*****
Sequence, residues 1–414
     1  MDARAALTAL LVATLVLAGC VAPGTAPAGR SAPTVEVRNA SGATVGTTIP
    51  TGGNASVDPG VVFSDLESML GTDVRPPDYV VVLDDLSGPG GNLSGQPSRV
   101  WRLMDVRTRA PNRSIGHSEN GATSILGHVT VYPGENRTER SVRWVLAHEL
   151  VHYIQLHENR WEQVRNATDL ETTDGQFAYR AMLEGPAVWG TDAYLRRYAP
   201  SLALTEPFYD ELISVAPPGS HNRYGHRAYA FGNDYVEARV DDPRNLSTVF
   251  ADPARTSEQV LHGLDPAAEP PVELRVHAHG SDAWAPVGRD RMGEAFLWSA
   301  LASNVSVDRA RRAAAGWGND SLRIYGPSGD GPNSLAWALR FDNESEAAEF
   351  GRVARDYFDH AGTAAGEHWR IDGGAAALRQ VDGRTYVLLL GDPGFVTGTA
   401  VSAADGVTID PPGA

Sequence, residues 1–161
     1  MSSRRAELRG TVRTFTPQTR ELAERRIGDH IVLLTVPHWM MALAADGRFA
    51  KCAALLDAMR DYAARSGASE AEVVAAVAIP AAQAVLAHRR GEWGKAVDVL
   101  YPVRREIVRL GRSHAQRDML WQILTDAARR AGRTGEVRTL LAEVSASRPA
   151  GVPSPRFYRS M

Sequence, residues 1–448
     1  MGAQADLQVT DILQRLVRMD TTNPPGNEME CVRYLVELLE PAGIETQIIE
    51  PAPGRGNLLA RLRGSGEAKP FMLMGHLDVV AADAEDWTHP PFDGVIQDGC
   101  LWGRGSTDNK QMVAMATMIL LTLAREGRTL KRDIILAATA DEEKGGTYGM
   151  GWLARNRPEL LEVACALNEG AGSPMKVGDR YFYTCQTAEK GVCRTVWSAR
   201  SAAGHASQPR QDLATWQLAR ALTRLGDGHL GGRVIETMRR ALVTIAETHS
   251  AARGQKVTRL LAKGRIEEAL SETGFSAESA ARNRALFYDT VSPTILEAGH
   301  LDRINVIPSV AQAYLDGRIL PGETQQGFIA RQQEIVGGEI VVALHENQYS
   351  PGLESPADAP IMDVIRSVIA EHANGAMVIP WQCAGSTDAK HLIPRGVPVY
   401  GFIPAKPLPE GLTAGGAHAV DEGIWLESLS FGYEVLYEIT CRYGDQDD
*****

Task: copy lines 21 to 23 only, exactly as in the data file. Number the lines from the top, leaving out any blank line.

   201  SAAGHASQPR QDLATWQLAR ALTRLGDGHL GGRVIETMRR ALVTIAETHS
   251  AARGQKVTRL LAKGRIEEAL SETGFSAESA ARNRALFYDT VSPTILEAGH
   301  LDRINVIPSV AQAYLDGRIL PGETQQGFIA RQQEIVGGEI VVALHENQYS